In over a century of news coverage, just about everything anyone might want to know about the challenge of being a Mummer has been covered.

Wind-whipped feathers. Finger-freezing cold. Prop malfunctions. Family strife. Broken strings. Public apathy.

There remains, however, one glaring piece of uncharted territory. A matter that the strutters and strummers have been loath to discuss, despite its epic importance in the course of every New Year's parade.

In the interest of delicacy, let us call it the process of elimination.

For decades, the Mummers dealt with this primordial problem with as much discretion as they could muster. (We are not referring to the comics, of course. There is nothing discreet about them.)

The costumes with their six-foot wingspans, bibskirts, bustles, puffed shoulders and stiff flaring swallowtail jackets, make every trip to the restroom a Houdini-worthy challenge.

"You got a back piece on, you're not fitting in a port-a-potty," says Tom McShane, 48, a banjo player with the South Philadelphia String Band for the last 18 years. "You've got to get a marshal to help you take it off and put it back on."

Mummers are a resourceful tribe. They have learned to deal. As they were preparing for the parade at the their clubhouse on Porter Street, members of the South Philadelphia String Band on Friday revealed some of the sacred secrets they have withheld all these years.

"Back in the day, we all had capes, we'd form a circle, hold up the capes and everyone would pee in the middle," recalls Bob Buerklin, 67, who has been a Mummer since he was nine.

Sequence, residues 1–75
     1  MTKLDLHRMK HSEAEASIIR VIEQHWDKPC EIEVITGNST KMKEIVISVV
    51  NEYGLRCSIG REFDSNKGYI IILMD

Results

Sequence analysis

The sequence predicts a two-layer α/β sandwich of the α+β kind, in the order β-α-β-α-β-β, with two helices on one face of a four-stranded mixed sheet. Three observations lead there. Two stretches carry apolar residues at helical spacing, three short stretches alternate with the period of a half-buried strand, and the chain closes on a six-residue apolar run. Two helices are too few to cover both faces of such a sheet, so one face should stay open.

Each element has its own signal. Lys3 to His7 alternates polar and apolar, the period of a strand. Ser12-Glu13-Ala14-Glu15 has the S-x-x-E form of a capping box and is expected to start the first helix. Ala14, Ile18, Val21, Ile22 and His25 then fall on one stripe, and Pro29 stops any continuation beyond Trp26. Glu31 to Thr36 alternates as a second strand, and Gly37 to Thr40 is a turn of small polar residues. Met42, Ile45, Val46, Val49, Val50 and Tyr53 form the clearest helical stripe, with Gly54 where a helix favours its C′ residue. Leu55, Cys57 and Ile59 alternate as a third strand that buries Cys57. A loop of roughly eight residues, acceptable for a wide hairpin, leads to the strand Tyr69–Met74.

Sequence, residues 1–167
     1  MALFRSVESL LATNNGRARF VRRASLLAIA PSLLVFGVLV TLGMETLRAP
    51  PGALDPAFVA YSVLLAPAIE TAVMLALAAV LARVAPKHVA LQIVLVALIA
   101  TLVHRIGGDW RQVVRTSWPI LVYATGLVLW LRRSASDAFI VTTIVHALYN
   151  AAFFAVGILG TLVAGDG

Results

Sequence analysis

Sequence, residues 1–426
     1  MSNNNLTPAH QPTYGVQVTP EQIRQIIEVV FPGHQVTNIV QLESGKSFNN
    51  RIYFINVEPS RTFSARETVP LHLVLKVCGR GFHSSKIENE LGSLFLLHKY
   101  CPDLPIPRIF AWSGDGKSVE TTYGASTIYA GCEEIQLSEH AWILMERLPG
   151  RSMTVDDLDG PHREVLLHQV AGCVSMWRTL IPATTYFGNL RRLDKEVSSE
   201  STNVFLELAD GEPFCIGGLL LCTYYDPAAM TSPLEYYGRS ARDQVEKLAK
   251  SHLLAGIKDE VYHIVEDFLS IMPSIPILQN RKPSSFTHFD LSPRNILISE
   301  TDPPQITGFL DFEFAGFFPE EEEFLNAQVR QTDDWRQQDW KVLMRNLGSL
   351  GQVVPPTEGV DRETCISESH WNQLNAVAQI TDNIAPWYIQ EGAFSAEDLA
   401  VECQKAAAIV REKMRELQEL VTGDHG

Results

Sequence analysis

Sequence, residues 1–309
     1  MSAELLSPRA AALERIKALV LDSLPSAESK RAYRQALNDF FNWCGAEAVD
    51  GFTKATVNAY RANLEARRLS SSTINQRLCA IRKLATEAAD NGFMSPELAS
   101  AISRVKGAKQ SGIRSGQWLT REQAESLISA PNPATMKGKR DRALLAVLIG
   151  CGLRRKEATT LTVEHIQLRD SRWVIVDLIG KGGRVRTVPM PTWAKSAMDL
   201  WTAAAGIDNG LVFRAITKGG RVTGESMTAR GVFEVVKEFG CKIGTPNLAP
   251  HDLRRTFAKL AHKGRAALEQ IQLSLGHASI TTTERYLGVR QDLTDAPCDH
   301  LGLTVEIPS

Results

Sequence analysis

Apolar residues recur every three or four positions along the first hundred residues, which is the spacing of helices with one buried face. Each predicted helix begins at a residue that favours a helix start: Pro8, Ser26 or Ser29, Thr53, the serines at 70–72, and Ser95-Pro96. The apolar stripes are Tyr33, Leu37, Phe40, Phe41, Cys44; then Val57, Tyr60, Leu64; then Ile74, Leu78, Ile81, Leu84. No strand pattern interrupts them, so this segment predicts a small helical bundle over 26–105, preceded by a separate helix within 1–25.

"I remember a guy used to put a hose to his Mr. Man and slide it down his pants leg," says Alex Stewart, a retired Philadelphia police officer and a Mummer since 1967.

Last year, the city administration, hoping to speed up the parade, eliminated the en masse rest stop at Broad and Washington streets. The band members, particularly men in their late 50s, would rely on that half-way relief station where someone thoughtful always set up a trough that emptied into an opened manhole.

"Now," says Harry Dougherty, a banjo player, "if you have a prostate issue?" He shakes his head dolefully.

"The layers," he says. "You're always wearing so many layers." He reaches into his cubby in the clubhouse basement, and pulls out this year's uber-spangled pants, vest, shirt and jacket. "Then there's the long underwear. And it's chaotic. Finding someone who's not busy to hold your [musical] instrument and your costume while you go to the bathroom, it's not easy."

In 2003, they narrowly avoided disaster, recalls Stewart. The band had adopted a French theme. "We wore pantyhose," he says. When it was time to take a break, he and his cohorts began peeling off the layers and unzipping - then they reached the unbreachable.

"One of the marshals got a pair of scissors, we all lined up and he comes around to each of us, pulls out the pantyhose," (at this point in the story, he reenacts in mime), "and cuts a hole."

Stewart laughs. "I said, 'Hey George, I'm Irish. There's not much there, be careful where you cut!'"

Even in less constricted circumstances, the brothers in sequins have been known to take extraordinary measures. "I know one guy in Quaker City who wears Depends," says Dougherty, declining to name names because the repercussions could be dire. "I've never gone to that extreme, but it has crossed my mind a couple of times."

In his 21 years as a Mummer, Dougherty, 50, has developed his own strategy. "I drink very little that morning. Just a little coffee and something small to eat." Then he treats himself to the Mummers drug of choice: a heavy dose of anti-diarrheal medicine.

"I think 99 percent of Mummers take Imodium," Dougherty says. "You have to plan ahead. It's bad enough when you have to pee..."

The South Philadelphia String Band's resident dealer is Scott Lynch, a 17-year veteran with the Mummers. "I buy two boxes at Rite-Aid and set everyone up with it," he says. And has no doubt that, to a man, they are deeply indebted.